Conceptual and Methodological Advances
Edited by Frank Vanclay and Ana Maria Esteves
Chapter 11: Development-induced Community Resettlement 1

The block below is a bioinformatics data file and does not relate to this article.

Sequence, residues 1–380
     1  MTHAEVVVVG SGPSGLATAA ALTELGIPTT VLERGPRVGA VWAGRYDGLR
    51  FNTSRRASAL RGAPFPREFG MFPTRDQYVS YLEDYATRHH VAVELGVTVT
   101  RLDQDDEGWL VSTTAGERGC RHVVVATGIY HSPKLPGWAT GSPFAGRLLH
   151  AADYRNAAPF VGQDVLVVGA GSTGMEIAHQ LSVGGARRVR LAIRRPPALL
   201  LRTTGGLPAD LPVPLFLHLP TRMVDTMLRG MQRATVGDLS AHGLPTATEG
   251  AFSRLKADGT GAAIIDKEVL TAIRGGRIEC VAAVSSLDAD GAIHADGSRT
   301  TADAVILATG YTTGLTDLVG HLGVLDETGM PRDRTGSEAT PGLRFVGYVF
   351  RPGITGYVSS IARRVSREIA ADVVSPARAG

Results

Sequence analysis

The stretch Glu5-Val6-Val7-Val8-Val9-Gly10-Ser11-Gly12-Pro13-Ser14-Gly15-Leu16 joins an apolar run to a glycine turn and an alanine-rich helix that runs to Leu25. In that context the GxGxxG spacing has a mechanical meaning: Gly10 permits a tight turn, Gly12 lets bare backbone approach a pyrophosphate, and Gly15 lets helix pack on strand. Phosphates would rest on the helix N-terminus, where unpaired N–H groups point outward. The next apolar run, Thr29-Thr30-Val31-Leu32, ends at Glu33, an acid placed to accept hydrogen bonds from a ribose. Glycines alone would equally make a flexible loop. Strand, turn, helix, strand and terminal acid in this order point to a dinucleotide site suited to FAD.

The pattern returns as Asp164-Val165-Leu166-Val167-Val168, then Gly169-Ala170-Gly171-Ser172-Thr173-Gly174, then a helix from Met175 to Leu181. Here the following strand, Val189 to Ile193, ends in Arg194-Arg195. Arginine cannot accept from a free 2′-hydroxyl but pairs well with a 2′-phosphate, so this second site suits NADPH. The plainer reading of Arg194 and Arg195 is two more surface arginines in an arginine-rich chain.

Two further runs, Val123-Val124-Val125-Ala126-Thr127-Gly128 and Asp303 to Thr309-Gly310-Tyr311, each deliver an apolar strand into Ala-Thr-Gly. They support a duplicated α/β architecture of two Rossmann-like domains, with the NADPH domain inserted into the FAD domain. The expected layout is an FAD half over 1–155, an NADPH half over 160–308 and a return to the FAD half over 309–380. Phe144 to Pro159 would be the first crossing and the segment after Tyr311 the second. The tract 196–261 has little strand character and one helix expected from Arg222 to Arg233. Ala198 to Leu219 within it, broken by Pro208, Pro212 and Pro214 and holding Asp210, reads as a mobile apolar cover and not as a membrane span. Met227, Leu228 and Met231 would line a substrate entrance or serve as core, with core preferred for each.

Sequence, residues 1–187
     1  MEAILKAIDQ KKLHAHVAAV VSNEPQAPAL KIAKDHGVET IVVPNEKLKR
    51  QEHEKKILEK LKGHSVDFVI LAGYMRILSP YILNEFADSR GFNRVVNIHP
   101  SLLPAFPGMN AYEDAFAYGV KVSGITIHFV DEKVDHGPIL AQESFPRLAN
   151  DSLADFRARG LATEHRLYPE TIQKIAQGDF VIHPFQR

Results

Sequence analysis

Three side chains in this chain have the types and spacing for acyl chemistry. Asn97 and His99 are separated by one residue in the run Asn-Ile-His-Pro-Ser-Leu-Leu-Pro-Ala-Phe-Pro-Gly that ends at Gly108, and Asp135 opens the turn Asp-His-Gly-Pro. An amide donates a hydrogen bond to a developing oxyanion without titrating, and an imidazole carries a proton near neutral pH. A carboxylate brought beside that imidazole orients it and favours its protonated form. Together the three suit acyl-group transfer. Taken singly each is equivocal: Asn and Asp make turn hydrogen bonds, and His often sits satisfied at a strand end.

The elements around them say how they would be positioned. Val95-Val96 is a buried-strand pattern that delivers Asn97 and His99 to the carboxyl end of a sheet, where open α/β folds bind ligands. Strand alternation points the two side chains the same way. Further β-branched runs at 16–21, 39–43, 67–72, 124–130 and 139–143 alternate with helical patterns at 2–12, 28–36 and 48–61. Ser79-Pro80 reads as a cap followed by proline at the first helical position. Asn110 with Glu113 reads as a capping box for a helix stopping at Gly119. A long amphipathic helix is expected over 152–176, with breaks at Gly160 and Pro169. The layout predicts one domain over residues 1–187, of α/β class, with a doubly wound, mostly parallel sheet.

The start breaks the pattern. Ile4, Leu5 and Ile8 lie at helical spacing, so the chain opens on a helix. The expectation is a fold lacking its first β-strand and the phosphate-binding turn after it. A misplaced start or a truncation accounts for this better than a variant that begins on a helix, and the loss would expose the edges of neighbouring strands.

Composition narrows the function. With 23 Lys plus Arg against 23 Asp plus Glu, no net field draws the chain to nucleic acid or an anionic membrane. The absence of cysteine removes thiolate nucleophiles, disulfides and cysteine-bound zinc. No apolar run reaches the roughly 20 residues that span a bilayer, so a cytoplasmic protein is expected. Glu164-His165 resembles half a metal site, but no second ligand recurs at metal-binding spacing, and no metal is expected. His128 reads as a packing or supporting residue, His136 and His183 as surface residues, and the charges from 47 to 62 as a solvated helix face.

87 Displacement and Resettlement (www.displacement.net) has been established. Research institutions addressing development-induced resettlement include China’s National Research Centre for Resettlement at Hohai University and University of Oxford’s Refugee Study Centre. The World Bank and the Asian Development Bank house a large number of resettlement specialists. A series of reports from the World Bank are of particular importance (World Bank, 1980, 1993, 1994, 1998, 2003, 2004). Policy-relevant theoretical frameworks of the resettlement process A substantial body of policy-relevant theory exists on the global experience with development-induced and, more specifically, dam-induced involuntary community resettlement. I have combined two major theoretical frameworks into a single theory that also incorporates other important contributions (Scudder, 2005). Dating back to the late 1970s, the first is my four-stage framework which focuses on how a majority of resettlers can be expected to behave over two generations during a successful resettlement process that enables them to improve their livelihood and become project beneficiaries (Scudder, 1981, 1985, 1993, 1997a, 1997b, 2005; Scudder and Colson, 1982). The second framework, developed during the 1990s, is Cernea’s ‘impoverishment risks and reconstruction model’ (Cernea, 1996, 1997, 1999; Cernea and McDowell, 2000). The four-stage framework The four-stage framework involves: • • • • stage 1: planning for resettlement prior to physical removal; stage 2: coping with the initial drop in living standards that tends to follow removal; stage 3: initiation of economic development and community formation activities that are necessary to improve living standards of firstgeneration resettlers; stage 4: handing over a sustainable resettlement process to the second...